Sunday, December 7, 2008


Deanne Butterworth with sculpture by Anne-Marie May.
Image by Rohan Young
Direction & Choreography by Shelley Lasica

fortyfivedownstairs - Flinders Lane, Melbourne

December 4, 2008 (until Dec 14 - get along if you can. Tickets from )

Shelley Lasica’s years of experience as a choreographer are clearly evident in her latest creation, Vianne. It’s a complex, beautiful, subtle piece supported by excellent contributions from a very talented group of artists.

The space is sparsely adorned with Anne-Marie May’s clear plastic sculptures. One resembling a water fountain hangs at the rear of the space (pictured), while an open-sided cube is raised on ropes halfway through the performance. Ben Cobham’s lighting design is similarly pared back, using only bare globes and lights placed outside the building, which shine through the exposed, arched windows onto the naked walls.

The five dancers wear glittering, hooded jumpsuits and small, sparkly false eyelashes, designed by Lasica and Kara Baker for PROJECT. Upon entering, their very first movement sequence appears totally abstract, like a series of May’s sculptures gently moving in the breeze. But gradually, more personal touches emerge. They communicate with each other through tiny fragments of conversation, a nod, a pointed glance, a gesture, at times seeming to be in rehearsal, learning and practicing the movement phrases together.

The mix of abstract and literal content continues as the dancers splinter away into distinct solos or coalesce into a unified group, using a movement palette which varies from the smallest shift of the eyes to energetic limb thrashing. Each dancer has a unique ‘voice’, often performing idiosyncratic phrases that, particularly in the case of Jo Lloyd, are clearly identifiable as being drawn directly from the dancer.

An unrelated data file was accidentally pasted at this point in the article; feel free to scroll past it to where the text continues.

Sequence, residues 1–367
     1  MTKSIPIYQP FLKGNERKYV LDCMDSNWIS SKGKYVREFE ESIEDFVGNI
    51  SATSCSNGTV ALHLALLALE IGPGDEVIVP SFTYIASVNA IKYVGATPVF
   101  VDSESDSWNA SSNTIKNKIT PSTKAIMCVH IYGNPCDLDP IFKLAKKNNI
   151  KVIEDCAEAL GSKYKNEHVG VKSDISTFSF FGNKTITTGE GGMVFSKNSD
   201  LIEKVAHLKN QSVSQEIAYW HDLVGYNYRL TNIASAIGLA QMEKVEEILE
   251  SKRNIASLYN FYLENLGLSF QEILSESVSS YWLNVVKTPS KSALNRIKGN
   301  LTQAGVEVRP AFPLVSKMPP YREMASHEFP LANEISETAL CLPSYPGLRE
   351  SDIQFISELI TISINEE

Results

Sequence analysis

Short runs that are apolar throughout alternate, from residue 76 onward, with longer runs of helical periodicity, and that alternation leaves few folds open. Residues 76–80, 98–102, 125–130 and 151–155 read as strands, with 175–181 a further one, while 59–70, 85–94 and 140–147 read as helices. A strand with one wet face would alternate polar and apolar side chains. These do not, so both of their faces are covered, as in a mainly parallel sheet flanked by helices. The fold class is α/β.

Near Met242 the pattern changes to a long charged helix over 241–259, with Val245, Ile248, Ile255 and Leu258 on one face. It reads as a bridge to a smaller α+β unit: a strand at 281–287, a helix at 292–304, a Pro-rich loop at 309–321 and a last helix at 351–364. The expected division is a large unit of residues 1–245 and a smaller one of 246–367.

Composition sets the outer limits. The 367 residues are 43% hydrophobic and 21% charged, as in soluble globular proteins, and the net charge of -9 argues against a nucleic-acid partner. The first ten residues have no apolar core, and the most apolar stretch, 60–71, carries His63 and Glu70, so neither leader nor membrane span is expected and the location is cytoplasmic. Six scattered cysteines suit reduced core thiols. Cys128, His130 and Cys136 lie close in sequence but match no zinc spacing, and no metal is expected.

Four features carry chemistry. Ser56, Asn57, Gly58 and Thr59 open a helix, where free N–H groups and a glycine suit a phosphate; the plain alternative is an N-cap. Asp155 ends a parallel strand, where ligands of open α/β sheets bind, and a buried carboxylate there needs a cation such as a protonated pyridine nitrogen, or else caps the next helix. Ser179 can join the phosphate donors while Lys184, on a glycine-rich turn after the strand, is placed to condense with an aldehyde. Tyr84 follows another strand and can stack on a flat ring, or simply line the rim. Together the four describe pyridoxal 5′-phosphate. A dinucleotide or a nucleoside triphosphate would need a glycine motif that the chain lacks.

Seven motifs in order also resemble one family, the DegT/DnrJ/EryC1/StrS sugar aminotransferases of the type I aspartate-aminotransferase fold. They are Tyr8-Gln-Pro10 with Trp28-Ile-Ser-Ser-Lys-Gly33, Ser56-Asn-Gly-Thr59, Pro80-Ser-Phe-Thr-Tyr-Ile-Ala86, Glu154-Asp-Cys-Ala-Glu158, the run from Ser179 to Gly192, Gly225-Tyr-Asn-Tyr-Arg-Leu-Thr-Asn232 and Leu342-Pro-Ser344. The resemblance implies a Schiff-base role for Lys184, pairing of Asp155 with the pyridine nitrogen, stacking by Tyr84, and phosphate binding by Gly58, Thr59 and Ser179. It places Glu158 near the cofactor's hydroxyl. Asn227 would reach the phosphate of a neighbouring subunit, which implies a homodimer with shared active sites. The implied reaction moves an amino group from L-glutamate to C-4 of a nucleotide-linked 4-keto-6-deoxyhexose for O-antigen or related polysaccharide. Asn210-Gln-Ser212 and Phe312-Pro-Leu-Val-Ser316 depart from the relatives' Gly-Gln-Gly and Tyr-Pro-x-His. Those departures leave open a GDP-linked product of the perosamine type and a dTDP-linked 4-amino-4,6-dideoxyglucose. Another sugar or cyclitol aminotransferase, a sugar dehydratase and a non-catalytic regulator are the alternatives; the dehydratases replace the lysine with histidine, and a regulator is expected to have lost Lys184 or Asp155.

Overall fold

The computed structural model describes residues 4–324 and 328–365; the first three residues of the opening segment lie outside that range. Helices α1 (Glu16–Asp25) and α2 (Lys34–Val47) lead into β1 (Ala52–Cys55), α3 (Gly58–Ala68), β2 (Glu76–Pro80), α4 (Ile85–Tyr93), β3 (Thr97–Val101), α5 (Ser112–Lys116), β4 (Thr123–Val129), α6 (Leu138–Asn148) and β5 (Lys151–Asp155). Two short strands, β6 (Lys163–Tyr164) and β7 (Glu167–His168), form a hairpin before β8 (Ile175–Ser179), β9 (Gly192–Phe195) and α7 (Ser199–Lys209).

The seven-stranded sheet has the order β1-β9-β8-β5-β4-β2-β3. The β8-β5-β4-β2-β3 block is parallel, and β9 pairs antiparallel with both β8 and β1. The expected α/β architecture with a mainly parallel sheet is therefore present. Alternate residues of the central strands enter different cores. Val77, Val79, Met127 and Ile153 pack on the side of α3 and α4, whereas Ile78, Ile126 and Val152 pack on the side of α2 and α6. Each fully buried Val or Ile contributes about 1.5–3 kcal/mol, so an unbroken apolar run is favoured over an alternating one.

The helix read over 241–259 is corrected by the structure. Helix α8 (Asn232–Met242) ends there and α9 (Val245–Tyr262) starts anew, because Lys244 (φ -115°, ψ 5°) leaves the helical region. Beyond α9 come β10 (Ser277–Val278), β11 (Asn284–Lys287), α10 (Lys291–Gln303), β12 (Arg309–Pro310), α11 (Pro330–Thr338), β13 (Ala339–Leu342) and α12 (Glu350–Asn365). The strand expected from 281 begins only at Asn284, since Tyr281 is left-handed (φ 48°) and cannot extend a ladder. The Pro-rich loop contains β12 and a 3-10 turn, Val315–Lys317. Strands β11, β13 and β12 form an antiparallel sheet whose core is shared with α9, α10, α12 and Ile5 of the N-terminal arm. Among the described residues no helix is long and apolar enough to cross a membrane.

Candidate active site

In one powerful moment, the three women, Lloyd, Deanne Butterworth, and Bonnie Paskas, slowly straighten their knees from a deep bend in unison. It’s the simplest of movements, yet their intense focus makes it seem profound.

At another point, Butterworth seems to make time run backwards as she repeats a fast, flicking walk that looks as though it’s being played in reverse. Hers could be the central character, the only one dressed in orange (rather than brown), often regarding the action with a half-smile.

A brilliantly timed duet for she and Lloyd evokes a sense of interdependency and friendship, like a physical history of their relationship. Other interactions with the men, Tim Harvey and Lee Serle are almost sensual, but could equally be read in platonic terms.

The beauty of the work is its ambiguity. It could be viewed as a narrative about personal relationships and memory, or simply for the aesthetics of the spatial design.

The excellent structure of the piece is augmented by the ever-present music, an electronic composition by Milo Kossowski and Morgan McWaters for PEACE OUT !, which fits perfectly with the action on stage. It’s reminiscent of a ballet score in the way that the many short tracks serve to delineate the different sections of the choreography.

The end result is a harmonious combination of all the elements into a mysterious yet unified whole, satisfying yet open to interpretation.

An abridged version of this review was published in The Age newspaper.

Want to read more? here's another review at mono no aware

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